| April 20, 2017
The weird chemistry threatening masterpiece paintings (video)
WASHINGTON, Apr. 13, 2017 — A good art dealer can really clean up in today’s market, but not when some weird chemistry wreaks havoc on masterpieces. Art conservators started to notice microscopic pockmarks forming on the surfaces of treasured oil paintings that cause the images to look hazy. It turns out the marks are eruptions of paint caused, weirdly, by soap that forms via chemical reactions. Since you have no time to watch paint dry, we explain how paintings from Rembrandts to O’Keefes are threatened by their own compositions — and we don’t mean the imagery. Watch the latest Speaking of Chemistry video here: https://youtu.be/w2ww5aUJD8s.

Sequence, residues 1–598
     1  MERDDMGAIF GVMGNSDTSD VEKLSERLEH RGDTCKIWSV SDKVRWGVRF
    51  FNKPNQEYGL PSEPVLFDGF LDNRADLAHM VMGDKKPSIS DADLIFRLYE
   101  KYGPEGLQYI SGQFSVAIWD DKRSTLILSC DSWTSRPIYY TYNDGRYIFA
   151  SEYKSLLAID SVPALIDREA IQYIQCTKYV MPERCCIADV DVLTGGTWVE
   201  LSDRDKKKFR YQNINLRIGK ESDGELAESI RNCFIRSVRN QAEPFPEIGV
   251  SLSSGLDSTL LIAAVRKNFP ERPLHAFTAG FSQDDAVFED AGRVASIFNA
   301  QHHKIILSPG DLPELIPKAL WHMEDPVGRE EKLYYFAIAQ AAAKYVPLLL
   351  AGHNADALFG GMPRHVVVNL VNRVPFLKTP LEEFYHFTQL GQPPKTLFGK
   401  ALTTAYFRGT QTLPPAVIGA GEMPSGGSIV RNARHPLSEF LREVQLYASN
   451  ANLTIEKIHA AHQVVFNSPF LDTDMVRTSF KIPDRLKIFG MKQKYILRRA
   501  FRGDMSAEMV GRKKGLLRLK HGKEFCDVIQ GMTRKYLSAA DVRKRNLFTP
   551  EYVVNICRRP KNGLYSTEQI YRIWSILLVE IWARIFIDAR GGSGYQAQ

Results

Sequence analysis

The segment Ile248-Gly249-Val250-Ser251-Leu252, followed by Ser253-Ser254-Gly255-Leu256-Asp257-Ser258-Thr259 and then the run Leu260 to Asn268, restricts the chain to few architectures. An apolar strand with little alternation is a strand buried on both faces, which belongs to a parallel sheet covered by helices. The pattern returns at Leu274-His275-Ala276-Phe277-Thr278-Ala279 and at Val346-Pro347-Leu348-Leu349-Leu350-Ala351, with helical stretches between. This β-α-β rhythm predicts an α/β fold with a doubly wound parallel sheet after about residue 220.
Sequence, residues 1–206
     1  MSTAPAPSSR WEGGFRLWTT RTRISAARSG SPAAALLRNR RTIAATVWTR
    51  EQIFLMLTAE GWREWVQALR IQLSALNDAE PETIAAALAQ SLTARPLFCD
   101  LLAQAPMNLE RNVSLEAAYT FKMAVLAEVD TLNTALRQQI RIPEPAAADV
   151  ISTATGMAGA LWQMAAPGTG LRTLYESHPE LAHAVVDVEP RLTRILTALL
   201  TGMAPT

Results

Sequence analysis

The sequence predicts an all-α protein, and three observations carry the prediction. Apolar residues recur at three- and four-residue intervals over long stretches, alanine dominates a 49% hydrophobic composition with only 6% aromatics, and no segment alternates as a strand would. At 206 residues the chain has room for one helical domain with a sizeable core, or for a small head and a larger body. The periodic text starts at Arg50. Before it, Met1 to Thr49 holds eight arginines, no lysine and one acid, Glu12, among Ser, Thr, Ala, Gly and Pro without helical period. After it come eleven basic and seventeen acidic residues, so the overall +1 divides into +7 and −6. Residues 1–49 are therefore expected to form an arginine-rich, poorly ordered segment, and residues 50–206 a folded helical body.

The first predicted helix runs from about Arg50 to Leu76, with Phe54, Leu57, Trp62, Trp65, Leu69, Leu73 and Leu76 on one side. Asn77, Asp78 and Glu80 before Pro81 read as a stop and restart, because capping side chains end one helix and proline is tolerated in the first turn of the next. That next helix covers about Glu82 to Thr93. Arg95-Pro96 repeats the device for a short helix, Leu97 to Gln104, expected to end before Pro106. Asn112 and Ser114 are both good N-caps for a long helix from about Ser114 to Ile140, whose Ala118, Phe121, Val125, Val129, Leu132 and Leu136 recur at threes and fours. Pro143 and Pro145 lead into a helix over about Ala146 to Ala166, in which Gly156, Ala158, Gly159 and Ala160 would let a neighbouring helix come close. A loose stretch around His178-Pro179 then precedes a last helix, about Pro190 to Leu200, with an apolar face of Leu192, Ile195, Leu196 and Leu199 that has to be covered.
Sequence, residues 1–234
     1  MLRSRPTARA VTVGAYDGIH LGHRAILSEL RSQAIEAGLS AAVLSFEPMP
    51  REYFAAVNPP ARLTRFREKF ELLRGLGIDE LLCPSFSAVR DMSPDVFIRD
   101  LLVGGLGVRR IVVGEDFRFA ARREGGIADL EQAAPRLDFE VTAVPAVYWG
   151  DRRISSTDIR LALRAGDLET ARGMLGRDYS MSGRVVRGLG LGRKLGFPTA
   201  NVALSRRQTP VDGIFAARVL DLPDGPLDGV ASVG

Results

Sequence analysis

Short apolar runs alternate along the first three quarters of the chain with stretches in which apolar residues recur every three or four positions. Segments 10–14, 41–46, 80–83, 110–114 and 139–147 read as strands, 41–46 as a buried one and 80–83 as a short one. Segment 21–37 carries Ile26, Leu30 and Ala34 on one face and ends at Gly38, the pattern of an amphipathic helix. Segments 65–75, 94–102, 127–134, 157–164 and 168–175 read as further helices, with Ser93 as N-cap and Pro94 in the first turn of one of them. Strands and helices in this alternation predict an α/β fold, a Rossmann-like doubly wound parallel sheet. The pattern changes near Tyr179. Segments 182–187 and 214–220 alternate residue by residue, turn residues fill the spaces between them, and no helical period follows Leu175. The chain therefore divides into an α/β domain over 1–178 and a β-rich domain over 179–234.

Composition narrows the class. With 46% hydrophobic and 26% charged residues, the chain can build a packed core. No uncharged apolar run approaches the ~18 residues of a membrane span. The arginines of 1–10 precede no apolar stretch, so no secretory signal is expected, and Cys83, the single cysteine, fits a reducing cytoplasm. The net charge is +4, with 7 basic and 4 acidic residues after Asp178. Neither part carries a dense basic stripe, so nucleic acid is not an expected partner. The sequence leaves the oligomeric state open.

Speaking of Chemistry is a production of Chemical & Engineering News, a weekly newsmagazine of the American Chemical Society. It’s the series that keeps you up to date with the important and fascinating chemistry shaping the world around you. Subscribe to the series at http://bit.ly/ACSReactions, and follow us on Twitter @CENMag.
The American Chemical Society is a nonprofit organization chartered by the U.S. Congress. With nearly 157,000 members, ACS is the world’s largest scientific society and a global leader in providing access to chemistry-related research through its multiple databases, peer-reviewed journals and scientific conferences. The American Chemical Society does not conduct research, but publishes and publicizes peer-reviewed scientific studies. Its main offices are in Washington, D.C., and Columbus, Ohio.